Some men just want to watch the world burn.
Men like A-Rod’s lawyers, who told Wallace Matthews of ESPN New York that they’re going to break confidentiality of the arbitration tomorrow and give all of the juicy stuff they say they have to the press:
“We’re going to open up everything,” said Ron Berkowitz, a spokesman for Rodriguez. “We’re going to show everything we have to the press so they can show it to the American public.”
Matthews speculates that the dump would include transcripts of witness testimony, sworn affidavits and information supplied to the Rodriguez team by an MLB-employee “whistle-blower.”
They can do that. And it can potentially embarrass Major League Baseball. But I don’t see how it changes their clients’ legal position. The arbitrator is still going to rule. The barriers that must be leapt to get out from under that penalty and into federal court remain exceedingly high.
At one time I assumed the scorched earth tactics were to force MLB to the settlement table. The league seems to have no desire to do that. So now, unless someone can tell me what this does for A-Rod tactically, this seems like spite and P.R. strategy.
Oft-injured pitcher Josh Johnson is retiring from baseball, ESPN’s Jerry Crasnick is reporting.
Johnson, 32, hasn’t pitched in the majors since 2013. The right-hander underwent his third Tommy John surgery in September 2015 but wasn’t able to bounce back.
Johnson spent most of his career with the Marlins, but also pitched for the Blue Jays in the big leagues, as well as the Padres in the minors. He retires with a career 3.40 ERA, 915 strikeouts across 998 innings in the majors, and two All-Star nominations. Johnson led the National League with a 2.30 ERA in 2010, finishing fifth in NL Cy Young Award balloting. One wonders what he could have accomplished if he was able to stay healthy.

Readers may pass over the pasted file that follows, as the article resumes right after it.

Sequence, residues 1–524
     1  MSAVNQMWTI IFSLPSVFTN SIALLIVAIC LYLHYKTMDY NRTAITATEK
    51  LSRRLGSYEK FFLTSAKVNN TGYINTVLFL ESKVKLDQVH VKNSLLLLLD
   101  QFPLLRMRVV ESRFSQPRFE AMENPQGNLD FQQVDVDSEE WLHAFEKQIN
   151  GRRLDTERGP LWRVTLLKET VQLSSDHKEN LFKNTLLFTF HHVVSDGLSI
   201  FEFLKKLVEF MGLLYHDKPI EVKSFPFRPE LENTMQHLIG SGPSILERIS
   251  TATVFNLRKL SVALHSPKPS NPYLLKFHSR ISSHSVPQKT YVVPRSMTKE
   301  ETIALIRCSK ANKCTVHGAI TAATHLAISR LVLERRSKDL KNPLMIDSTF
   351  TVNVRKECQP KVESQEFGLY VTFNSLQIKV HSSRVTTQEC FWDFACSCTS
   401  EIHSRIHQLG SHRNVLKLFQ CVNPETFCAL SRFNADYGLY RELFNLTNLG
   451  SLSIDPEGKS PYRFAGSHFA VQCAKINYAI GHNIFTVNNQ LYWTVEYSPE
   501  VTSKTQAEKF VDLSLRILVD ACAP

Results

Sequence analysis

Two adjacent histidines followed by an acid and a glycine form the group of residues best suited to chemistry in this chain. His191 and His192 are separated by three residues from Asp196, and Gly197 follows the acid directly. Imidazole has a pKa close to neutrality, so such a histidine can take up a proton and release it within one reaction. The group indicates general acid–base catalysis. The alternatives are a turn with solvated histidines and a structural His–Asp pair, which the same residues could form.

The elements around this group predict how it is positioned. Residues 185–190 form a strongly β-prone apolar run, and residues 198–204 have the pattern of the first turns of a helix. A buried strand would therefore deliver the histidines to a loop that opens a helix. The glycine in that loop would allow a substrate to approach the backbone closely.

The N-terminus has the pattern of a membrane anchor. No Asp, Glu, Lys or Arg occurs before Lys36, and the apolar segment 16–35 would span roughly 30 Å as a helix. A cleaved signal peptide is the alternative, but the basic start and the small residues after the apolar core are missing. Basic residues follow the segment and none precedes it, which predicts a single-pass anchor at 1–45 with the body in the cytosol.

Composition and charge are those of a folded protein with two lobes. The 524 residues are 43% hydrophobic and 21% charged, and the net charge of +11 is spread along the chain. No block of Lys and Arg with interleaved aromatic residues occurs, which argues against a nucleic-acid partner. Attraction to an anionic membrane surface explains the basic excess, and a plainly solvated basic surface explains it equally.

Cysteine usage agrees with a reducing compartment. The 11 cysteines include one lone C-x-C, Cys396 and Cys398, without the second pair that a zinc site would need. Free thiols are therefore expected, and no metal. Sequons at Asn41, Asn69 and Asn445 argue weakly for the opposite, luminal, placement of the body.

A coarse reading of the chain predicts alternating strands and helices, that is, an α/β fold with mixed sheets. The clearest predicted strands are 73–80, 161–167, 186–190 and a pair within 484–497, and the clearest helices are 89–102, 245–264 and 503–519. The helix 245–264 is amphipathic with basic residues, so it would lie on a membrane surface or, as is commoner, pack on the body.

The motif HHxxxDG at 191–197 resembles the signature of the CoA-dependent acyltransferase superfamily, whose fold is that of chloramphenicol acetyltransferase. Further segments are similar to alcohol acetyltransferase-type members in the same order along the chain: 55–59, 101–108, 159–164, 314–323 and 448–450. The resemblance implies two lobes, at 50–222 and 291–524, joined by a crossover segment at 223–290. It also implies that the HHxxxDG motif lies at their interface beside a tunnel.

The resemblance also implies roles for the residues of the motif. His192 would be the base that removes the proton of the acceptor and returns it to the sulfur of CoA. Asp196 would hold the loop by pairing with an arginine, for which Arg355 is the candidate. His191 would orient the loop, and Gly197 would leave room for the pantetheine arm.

The Angels are nearing a multi-year deal with free agent third baseman Luis Valbuena, Jeff Fletcher of the Orange County Register reports. It’s believed to be a two-year contract with a third-year option.
Valbuena, 31, hit .260/.357/.459 with 13 home runs and 40 RBI in 342 plate appearances in 2016. He missed most of the second half with a hamstring injury, for which he underwent surgery in late August.
Valbuena has played a majority of his career at third base, but also has extensive experience at second base and has racked up innings at first base and shortstop as well. He won’t play every day for the Angels, as Yunel Escobar lays claim to third base and C.J. Cron first base, but he will give them flexibility and a left-handed bat off the bench.